Since OHSA was enacted over 40 years ago, few criminal cases have been prosecuted under the Act. The cases prosecuted have primarily involved “cover-ups” by an employer of the initial crime and employers who have chronically violated worker safety laws. Few criminal cases have been pursued because it is difficult to prove a criminal violation and the consequences of these violations are less significant than other white-collar crimes.

Actions subject to criminal sanctions under OHSA include: willful violation of OSHA standards, rules, or orders; falsifying OHSA documents; providing advance notice of an OHSA inspection; committing perjury during OSHA proceedings; violating state criminal laws; and violating environmental statutes.

An employee handbook or employee policies that are not up-to-date with current laws may hurt an employer later. An employee handbook or policies are often the first place an employee and employer turn when seeking guidance. If it is not up-to-date, the resulting actions may not be in line with current law.

At a minimum, “[a] well-written handbook and policies set forth [an employer’s] expectation for [their] employees, and describes what they can expect from [the] company. It also should describe [the employer’s] legal obligations as an employer, and [the] employee’s rights.” Writing Employee Handbooks, U.S. Small Business Administration, https://www.sba.gov/content/employee-handbooks (last visited March 10, 2016).

Some recent changes in the law that may impact an organization’s employee handbook or policies include:

The U.S. Equal Employment Opportunity Commission (the “Commission”), the office which enforces Title VII of the Civil Rights Act of 1964 (“Title VII”), has released guidance this year on the consideration of arrest and conviction records in employment decisions.1 Title VII, as most employers are aware, prohibits employment discrimination based upon race, color, religion, sex, or national origin.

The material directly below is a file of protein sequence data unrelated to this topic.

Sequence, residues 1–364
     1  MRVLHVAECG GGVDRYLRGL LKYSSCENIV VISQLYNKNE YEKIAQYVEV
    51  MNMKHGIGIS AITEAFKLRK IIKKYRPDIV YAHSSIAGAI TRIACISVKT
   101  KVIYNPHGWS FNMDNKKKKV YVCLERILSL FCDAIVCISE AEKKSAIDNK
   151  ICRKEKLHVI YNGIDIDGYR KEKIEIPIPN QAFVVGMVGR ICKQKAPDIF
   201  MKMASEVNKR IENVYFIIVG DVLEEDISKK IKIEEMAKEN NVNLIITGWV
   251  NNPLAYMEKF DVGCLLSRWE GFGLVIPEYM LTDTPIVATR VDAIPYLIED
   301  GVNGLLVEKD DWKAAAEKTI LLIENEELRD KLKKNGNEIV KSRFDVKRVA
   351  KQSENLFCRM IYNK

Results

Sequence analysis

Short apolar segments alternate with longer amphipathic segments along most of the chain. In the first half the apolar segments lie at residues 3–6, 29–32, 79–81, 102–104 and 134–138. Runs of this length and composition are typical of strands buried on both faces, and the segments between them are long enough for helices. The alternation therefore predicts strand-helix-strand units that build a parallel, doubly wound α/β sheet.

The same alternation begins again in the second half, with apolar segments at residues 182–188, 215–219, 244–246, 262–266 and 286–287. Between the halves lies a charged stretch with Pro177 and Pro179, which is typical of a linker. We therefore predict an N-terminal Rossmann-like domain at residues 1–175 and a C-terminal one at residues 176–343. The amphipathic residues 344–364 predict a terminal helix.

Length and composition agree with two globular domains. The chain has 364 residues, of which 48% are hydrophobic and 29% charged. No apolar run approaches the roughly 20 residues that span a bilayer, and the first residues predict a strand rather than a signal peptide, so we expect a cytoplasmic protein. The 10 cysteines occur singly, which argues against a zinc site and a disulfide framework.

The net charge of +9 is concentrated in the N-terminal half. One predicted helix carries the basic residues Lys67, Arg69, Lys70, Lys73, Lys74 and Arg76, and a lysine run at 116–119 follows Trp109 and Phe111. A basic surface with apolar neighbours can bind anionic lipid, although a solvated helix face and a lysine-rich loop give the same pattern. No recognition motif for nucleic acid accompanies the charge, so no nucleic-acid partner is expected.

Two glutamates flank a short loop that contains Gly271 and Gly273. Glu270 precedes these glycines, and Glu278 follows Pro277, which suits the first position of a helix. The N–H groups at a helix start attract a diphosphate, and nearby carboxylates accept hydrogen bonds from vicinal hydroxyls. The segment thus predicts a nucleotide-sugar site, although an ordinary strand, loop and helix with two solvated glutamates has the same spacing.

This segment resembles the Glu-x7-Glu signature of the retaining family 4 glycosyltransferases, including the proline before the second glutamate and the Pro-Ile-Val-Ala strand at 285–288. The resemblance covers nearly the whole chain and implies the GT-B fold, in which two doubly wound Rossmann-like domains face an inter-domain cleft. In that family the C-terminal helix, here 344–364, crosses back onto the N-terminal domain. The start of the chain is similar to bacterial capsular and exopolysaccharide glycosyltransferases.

In some instances, an employer’s use of an individual’s arrest record or criminal history in making employment decisions may constitute employment discrimination under Title VII. There are two main ways this can occur. First, if an employer treats criminal information differently for different applicants or employees based upon race, color, religion, sex, or national origin, discrimination may be found based upon disparate treatment. Second, even a neutral employer policy may violate Title VII if it disproportionately impacts individuals protected by Title VII and may be illegal if not related and consistent with a business necessity.
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A recent Indiana Court of Appeals decision held that both a contract between a landowner and a general contractor evinced an intent on the part of the general contractor to assume a duty of care for the safety of its employees and subcontractors on the work site and that such duty was non-delegable. In Capitol Const. Services, Inc., after a subcontract employee fell approximately fifteen feet from a ladder while on the jobsite and died, the general contractor (Capitol) appealed the trial court’s grant of summary judgment to Gray, arguing that it did not assume a duty of care for the safety of subcontract employees and that such a duty was delegable. Capitol Const. Services, Inc. v. Gray, 959 N.E.2d 294, 296-97 (Ind. Ct. App. 2011). Relying on Stumpf v. Hagerman Constr. Corp., 863 N.E.2d 871 (Ind. Ct. App. 2007) and Harris v. Kettelhut Constr., 468 N.E. 2d. 1069 (Ind. Ct. App. 1984), the court found that a contract which provides and requires the contractor to have specific safety precautions at the jobsite, including personal fall arrest systems, safety net systems, or guardrail systems, for employees or subcontractors performing construction work in excess of six feet above a lower level accords the contractor a duty of care for the safety of subcontract employees.
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The National Labor Relations Board (NLRB) announced in a final rule in August a new poster requirement for both union and non-union employers that communicates employees’ rights to organize. Although originally effective November 14, 2011, the NLRB has delayed the implementation of this requirement until January 31, 2012 due to outcry from employer organizations.

Only “covered employers” must display the posters. Certain employers are exempt, such as agricultural, railroad, or airline employers and certain very small employers and retailers. If you are unsure of your requirement to post, please consult legal counsel. Noncompliance can be treated as an unfair labor charge.

To obtain a copy of the new poster, you may visit: https://www.nlrb.gov/poster